The initial proposal included plans to widen the pavements on Lombard Street, for example. This would likely have eliminated the contraflow cycle lane on Lombard Street. The problem here was a) very narrow pavements and b) bikes perceived to be going too fast on this very busy bike route. This was causing a perception that there was conflict between pedestrians and cyclists on this street. Whereas in reality, the actual problem is that there are too many motor vehicles - in particular delivery vans parked in the cycle lanes.

Instead of making the road more intimidating to cycle on by narrowing the carriageway, the City has sensibly recognised the need to prioritise this route as a "predominantly safe cycling and walking route", possibly by means of shared space such as the City has implemented with success in some other areas. This may mean making Lombard Street less accessible for through motor traffic; it should make things better for pedestrians by giving them more space and it should ensure that the route remains a useful and safe link for people on bikes - without forcing bikes into narrow carriageways stuffed with idling vans and taxis.

This is probably the only quarter-decent approach to
Bank junction on a bike. Source: City of London
The City has clearly listened to the number of people who responded to the consultation and objected to its policy of creating dangerously narrow carriageways and now states: "cyclists do not want narrower carriageways they feel this would impact on their safety". This is true up to a point. As I argued a few months ago, the issue of carriageway narrowing is one of proportions. In streets like Cheapside, the carriageway has been narrowed so much that it is now a considerably nastier place to cycle (even though the scheme was originally intended to make it better for cycling). In other streets, such as Kingsland High Street in Dalston, the pavements have been made wider but it works because there is enough room for bikes and passes to safely pass each other. That would not have been the case in the original plans for Bank area.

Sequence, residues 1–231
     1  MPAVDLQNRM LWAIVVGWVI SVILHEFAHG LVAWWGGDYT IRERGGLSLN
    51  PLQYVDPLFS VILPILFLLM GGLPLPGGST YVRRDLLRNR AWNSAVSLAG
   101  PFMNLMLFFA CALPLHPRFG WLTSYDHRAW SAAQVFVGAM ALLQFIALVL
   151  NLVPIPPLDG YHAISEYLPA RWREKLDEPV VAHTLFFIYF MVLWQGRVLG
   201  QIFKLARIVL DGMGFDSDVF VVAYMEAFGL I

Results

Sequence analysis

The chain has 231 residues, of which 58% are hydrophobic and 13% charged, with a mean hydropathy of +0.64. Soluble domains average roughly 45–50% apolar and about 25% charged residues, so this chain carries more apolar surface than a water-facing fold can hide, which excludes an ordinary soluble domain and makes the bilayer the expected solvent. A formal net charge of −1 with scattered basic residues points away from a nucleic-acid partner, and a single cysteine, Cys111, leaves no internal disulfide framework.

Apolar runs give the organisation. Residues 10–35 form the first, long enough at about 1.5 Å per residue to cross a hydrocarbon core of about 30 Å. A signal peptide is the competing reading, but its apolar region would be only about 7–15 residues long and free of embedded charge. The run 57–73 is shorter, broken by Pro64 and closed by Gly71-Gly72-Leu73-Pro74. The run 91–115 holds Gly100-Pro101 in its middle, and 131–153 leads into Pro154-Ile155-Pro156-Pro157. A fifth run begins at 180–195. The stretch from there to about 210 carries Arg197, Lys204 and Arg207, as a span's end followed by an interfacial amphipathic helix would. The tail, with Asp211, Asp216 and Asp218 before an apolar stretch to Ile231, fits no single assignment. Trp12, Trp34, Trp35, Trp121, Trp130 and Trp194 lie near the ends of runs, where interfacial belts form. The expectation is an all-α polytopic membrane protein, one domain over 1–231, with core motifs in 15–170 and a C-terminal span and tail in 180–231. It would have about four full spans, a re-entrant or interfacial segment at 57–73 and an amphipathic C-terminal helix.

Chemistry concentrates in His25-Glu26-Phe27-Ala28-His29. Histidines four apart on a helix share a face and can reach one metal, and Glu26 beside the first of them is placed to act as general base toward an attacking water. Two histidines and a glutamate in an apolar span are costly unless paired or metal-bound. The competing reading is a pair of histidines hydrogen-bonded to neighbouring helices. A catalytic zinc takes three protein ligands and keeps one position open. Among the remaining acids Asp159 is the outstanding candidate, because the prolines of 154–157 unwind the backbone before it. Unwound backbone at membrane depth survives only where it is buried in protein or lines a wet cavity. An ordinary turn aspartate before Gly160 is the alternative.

The strategy has also been updated in one other crucial area. The original draft included a commitment to "reduce conflict and improve road safety for all modes of transport". Nothing wrong with that, you might say. The reality, though, is that cyclists and pedestrians are bearing the brunt of the problems at Bank and form the vast majority of victims of road traffic collisions here and the there is a clear need to improve road safety here for pedestrians and cyclists more than there is for 'all road users'. As the City now admits, the junction is "over-complicated, confusing and dangerous and dominated by vehicular traffic at the expense of pedestrians and cyclists". The City authorities have now updated their commitment to road safety to include a specific commitment to "including cycling provision and safety and to review the current hierarchy of cycle routes, and provision of cycle lanes"

Many people who read this blog took part in the Bank area consultation and wrote to City of London politicians. My own view is that this revised strategy works well. It rightly acknowledges the need to make conditions much better for people on foot. And it also now acknowledges the need to improve conditions for [often exactly the same] people on bikes. It concludes: "There is clear evidence that the pedestrian environment needs improving but this will not be undertaken at the sake of cyclists or vulnerable road users safety". I agree with that.